As She & Him, Zooey Deschanel and M. Ward have delighted fans with a Christmas album and two volumes of pure pop bliss. As they gear up for the release of Volume 3, let’s explore some of the influences that have impacted their vintage-inspired work.
As the primary songwriter for She & Him, Zooey Deschanel has proven herself adept at several different styles. One of her specialties is the classic country ballad, with a pop twist. In the 60’s and 70’s, Linda Ronstadt typified this country-by-way-of-Southern-California sound. One of the biggest stars of the era, Linda began as a Laurel Canyon folkie, and made the transition to what would now be called alt country before going pop. She & Him songs like “Change is Hard”, “Take It Back”, and “I’m Gonna Make It Better” bear her influence. She is seen here performing her hit “Long Long Time” on the Johnny Cash Show in 1969.
Zooey has made no secret of her love for another Southern California band, the Beach Boys. Known for their genius leader and songwriter, Brian Wilson, the Beach Boys’ lush harmonies made them one of the biggest bands of all time. She & Him utilized some of their vocal techniques on songs like “Sentimental Heart”, “If You Can’t Sleep”, and “Why Do You Let Me Stay Here”, and followed the template of the Beach Boys’ Christmas album closely when making their own holiday record. They’ve also been known to cover Beach Boys songs “I Can Hear Music” and “Wouldn’t It Be Nice”.
The girl group sound, exemplified by Phil Spector-produced groups like The Ronettes, has also made its mark on the music of She & Him. Lead singer Ronnie Bennett sang passionately over exuberant strings and pounding drums, much like the She & Him songs “Thieves”, “Sweet Darlin'”, and “I Was Made For You”.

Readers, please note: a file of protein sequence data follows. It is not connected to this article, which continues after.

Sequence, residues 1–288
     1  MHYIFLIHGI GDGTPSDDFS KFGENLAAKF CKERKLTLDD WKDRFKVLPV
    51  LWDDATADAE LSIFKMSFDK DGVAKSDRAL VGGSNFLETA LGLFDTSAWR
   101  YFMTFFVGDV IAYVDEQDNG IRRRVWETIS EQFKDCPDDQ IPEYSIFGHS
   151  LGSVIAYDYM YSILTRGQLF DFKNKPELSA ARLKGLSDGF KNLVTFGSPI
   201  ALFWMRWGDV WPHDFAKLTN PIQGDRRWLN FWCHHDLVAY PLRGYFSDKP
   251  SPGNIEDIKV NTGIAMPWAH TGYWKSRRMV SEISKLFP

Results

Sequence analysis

A British Invasion band, The Zombies scored hits with songs like “Time of The Season” and “She’s Not There”. Their innovative sound, driven by keyboards and airy harmonies, crops up in the She & Him songs “Don’t Look Back” and “I Thought I Saw Your Face Today.” Pop music at its purest and finest, they have more fans today than they did in the 60’s, with new audiences discovering their underrated, melodic gems.
A lynchpin of Los Angeles’ Sunset Strip in the late 1960s, the Neil Young and Stephen Stills-led Buffalo Springfield scored a top ten hit with “For What It’s Worth”. Fusing rock with country and folk long before The Eagles, the band broke up after just eighteen months but remains legendary. In particular, their distinctive guitar sound (coming from the highly skilled Young and Stills) has been a prime She & Him influence, and their Laurel Canyon breeziness impacted songs like “This is Not a Test” and “Sing”.